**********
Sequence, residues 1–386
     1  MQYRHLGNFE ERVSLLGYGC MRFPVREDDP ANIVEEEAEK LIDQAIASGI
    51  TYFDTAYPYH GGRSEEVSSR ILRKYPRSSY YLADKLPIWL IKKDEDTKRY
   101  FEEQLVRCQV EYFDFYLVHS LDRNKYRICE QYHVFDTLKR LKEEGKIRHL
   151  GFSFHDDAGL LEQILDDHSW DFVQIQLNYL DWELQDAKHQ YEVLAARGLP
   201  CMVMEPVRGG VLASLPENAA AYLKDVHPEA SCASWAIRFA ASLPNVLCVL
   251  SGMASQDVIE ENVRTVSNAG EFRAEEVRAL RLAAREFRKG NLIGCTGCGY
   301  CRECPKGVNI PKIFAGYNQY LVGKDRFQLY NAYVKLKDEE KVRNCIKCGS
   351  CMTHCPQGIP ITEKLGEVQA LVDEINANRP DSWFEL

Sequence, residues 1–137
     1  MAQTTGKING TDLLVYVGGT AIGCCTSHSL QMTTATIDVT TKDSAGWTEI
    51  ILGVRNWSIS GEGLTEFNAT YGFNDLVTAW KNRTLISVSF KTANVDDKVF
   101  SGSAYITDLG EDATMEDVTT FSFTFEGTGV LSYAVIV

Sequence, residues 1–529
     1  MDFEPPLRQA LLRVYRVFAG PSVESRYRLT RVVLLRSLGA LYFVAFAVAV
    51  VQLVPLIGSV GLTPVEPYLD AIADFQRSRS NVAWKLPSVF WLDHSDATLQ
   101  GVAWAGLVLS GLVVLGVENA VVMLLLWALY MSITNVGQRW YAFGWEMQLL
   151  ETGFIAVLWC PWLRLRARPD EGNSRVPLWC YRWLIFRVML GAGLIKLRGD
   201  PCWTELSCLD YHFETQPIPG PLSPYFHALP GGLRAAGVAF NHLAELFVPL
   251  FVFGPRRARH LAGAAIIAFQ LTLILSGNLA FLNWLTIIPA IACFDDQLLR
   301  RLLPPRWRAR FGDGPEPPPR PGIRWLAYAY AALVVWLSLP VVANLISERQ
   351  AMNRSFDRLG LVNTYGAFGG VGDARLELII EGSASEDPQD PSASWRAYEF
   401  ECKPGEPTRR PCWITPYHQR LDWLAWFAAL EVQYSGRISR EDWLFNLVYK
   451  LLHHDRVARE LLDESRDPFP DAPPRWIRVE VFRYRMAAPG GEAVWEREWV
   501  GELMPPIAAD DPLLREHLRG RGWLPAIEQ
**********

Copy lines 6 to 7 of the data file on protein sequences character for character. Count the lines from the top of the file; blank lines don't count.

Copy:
   201  CMVMEPVRGG VLASLPENAA AYLKDVHPEA SCASWAIRFA ASLPNVLCVL
   251  SGMASQDVIE ENVRTVSNAG EFRAEEVRAL RLAAREFRKG NLIGCTGCGY